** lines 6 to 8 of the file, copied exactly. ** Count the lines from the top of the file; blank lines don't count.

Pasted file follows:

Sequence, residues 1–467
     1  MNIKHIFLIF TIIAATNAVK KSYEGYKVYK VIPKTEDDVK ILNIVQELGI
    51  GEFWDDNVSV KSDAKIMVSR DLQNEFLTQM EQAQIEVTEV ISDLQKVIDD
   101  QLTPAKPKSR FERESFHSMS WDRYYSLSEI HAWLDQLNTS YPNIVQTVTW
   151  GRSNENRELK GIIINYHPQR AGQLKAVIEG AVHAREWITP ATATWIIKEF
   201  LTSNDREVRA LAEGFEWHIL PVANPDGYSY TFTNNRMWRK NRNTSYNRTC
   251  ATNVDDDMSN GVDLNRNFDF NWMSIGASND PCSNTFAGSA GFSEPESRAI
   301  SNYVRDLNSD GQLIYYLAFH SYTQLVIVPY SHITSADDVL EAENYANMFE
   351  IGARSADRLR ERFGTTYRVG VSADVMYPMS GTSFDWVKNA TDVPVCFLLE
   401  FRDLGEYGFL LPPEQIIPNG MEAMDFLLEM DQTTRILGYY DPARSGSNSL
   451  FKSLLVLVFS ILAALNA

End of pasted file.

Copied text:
   201  LTSNDREVRA LAEGFEWHIL PVANPDGYSY TFTNNRMWRK NRNTSYNRTC
   251  ATNVDDDMSN GVDLNRNFDF NWMSIGASND PCSNTFAGSA GFSEPESRAI
   301  SNYVRDLNSD GQLIYYLAFH SYTQLVIVPY SHITSADDVL EAENYANMFE